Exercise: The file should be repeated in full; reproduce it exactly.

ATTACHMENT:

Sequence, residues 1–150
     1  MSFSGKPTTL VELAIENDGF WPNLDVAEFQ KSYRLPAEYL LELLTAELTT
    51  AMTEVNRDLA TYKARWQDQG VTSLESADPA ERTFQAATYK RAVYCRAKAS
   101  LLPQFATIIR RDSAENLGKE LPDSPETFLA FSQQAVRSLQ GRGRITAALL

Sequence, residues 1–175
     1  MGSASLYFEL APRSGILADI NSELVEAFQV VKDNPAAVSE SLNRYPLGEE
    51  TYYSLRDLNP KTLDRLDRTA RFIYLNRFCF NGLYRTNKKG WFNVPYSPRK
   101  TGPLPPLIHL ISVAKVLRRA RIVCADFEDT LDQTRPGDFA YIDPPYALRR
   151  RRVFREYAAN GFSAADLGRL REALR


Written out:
Sequence, residues 1–150
     1  MSFSGKPTTL VELAIENDGF WPNLDVAEFQ KSYRLPAEYL LELLTAELTT
    51  AMTEVNRDLA TYKARWQDQG VTSLESADPA ERTFQAATYK RAVYCRAKAS
   101  LLPQFATIIR RDSAENLGKE LPDSPETFLA FSQQAVRSLQ GRGRITAALL

Sequence, residues 1–175
     1  MGSASLYFEL APRSGILADI NSELVEAFQV VKDNPAAVSE SLNRYPLGEE
    51  TYYSLRDLNP KTLDRLDRTA RFIYLNRFCF NGLYRTNKKG WFNVPYSPRK
   101  TGPLPPLIHL ISVAKVLRRA RIVCADFEDT LDQTRPGDFA YIDPPYALRR
   151  RRVFREYAAN GFSAADLGRL REALR